By Ben Gabriel
Why doesn’t Hello Kitty have a mouth? Is its absence more than an expedient, minimalist design choice? And does her lack of a mouth necessarily translate into the absence of a voice, as the arguments tend to go? The first Hello Kitty product, after all, was a coin purse with HELLO printed in block capitals over an image of Kitty; her name is her form, and it is speech.
Most political engagements with Hello Kitty have taken the mouthlessness issue as their impetus. They generally, through subversion or perversion, ironize Hello Kitty’s apparent inability to speak, suggesting her lack of expression is being upheld as a model, particularly for the young Asian girls who form Hello Kitty’s immediate target audience. A woman’s value, this particular feminine feline’s lack of mouth seems to say, is contingent on her voicelessness.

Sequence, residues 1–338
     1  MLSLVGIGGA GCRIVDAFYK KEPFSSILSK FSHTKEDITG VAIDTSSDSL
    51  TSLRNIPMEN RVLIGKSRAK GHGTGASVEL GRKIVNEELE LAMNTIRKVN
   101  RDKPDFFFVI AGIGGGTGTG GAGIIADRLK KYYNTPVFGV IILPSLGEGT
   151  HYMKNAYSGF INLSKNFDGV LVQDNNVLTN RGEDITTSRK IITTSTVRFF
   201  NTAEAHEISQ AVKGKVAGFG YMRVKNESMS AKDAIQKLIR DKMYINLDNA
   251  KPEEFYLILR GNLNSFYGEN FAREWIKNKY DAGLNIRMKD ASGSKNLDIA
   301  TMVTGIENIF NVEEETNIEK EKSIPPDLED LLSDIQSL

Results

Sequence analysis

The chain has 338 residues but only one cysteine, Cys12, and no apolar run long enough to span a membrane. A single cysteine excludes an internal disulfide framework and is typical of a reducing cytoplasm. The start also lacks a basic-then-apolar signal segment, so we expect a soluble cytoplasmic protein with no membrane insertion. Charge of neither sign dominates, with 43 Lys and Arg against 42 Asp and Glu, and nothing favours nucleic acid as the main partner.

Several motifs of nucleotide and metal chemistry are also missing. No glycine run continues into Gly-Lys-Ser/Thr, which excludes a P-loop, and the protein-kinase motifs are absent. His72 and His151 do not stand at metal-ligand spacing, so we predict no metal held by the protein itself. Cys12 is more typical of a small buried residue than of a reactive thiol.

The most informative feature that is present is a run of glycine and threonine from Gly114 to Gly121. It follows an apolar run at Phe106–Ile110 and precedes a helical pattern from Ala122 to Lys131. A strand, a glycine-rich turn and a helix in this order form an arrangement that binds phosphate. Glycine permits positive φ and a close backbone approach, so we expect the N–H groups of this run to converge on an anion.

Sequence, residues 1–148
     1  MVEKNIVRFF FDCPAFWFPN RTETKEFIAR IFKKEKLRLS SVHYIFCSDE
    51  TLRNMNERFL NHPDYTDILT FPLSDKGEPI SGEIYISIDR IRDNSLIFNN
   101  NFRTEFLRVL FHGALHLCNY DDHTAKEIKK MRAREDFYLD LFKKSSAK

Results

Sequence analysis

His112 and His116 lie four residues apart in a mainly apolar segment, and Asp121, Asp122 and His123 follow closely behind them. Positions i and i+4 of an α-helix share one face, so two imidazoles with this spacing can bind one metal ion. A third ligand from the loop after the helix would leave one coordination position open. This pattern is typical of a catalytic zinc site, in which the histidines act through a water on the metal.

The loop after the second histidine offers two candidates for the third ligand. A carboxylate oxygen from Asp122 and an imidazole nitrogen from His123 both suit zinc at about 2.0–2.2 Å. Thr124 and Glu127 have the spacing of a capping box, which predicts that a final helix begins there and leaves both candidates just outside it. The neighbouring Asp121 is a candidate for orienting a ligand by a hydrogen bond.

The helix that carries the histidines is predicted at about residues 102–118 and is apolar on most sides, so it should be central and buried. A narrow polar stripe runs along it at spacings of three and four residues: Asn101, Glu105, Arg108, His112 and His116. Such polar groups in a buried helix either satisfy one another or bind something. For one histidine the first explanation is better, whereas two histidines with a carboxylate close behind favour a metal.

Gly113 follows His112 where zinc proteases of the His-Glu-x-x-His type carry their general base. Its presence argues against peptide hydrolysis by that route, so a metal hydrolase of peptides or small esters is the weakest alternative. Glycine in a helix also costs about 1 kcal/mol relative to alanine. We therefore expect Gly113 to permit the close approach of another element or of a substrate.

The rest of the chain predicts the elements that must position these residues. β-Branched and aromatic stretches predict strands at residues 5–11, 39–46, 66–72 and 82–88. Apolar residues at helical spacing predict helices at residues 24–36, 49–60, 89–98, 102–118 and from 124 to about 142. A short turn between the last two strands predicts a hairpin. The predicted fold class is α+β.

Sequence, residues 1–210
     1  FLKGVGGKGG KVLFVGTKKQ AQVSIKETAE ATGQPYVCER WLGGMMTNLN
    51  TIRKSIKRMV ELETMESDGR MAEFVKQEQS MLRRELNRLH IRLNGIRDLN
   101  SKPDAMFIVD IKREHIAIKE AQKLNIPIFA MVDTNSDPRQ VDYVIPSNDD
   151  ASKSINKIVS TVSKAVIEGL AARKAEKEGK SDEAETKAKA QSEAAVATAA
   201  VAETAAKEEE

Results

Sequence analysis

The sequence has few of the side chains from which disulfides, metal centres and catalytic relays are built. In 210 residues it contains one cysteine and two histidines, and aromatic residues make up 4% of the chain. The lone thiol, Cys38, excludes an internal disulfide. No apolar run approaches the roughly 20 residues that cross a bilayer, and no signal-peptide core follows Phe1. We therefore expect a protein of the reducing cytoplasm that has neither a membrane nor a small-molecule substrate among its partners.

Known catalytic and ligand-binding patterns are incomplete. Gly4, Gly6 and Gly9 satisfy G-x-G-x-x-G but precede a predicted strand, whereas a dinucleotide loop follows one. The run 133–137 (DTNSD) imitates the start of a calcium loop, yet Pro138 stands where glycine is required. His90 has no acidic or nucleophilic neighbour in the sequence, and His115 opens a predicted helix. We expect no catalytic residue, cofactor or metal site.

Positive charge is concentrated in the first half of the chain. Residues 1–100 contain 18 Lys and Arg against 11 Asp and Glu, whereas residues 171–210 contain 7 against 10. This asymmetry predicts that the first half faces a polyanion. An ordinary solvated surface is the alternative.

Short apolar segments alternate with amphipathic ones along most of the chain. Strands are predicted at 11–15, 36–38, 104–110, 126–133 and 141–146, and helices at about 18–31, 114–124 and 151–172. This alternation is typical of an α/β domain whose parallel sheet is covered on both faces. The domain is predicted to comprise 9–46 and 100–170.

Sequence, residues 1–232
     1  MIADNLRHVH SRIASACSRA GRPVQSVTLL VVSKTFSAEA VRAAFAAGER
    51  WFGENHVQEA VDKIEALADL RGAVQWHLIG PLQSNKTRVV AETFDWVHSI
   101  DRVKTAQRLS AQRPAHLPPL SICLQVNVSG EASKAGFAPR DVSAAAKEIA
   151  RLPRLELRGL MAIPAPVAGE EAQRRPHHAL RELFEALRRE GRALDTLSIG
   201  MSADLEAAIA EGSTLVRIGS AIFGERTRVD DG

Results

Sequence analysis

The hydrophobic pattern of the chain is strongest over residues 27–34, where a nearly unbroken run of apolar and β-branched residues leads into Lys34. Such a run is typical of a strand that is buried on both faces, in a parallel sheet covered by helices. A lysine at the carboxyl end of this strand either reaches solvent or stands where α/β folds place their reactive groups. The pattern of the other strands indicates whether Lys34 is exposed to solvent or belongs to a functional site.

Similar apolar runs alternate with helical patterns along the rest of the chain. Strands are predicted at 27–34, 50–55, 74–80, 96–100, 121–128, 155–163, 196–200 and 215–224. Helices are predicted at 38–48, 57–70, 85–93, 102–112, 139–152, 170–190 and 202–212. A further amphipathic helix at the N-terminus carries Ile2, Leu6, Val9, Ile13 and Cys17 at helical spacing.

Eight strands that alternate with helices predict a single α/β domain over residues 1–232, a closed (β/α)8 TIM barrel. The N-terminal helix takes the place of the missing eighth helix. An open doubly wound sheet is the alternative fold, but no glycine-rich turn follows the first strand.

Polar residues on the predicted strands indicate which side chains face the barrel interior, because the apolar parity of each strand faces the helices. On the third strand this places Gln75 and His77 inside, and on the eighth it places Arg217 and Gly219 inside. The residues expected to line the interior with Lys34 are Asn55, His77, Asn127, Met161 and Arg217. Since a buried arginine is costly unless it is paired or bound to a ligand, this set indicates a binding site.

Jason Han’s painting I Haz Mouth, commissioned for the Three Apples exhibition in 2009 on the occasion of Hello Kitty’s 35th birthday, whimsically addresses this issue. From the painting’s smirking LOLcats reference — LOLcats being a premier example of how giving a voice to the voiceless can be infantilizing rather than empowering — to the reiteration of the mouth in Kitty’s speech bubble, Han’s painting seems to invoke feminist and postcolonial concerns about lacking a voice only to wave them away. But I Haz Mouth functions not as a dismissal of the problem but an advancement. Looking past the irony of its title, we can see I Haz Mouth as an attempt to answer the question: If we gave Hello Kitty a mouth, what then?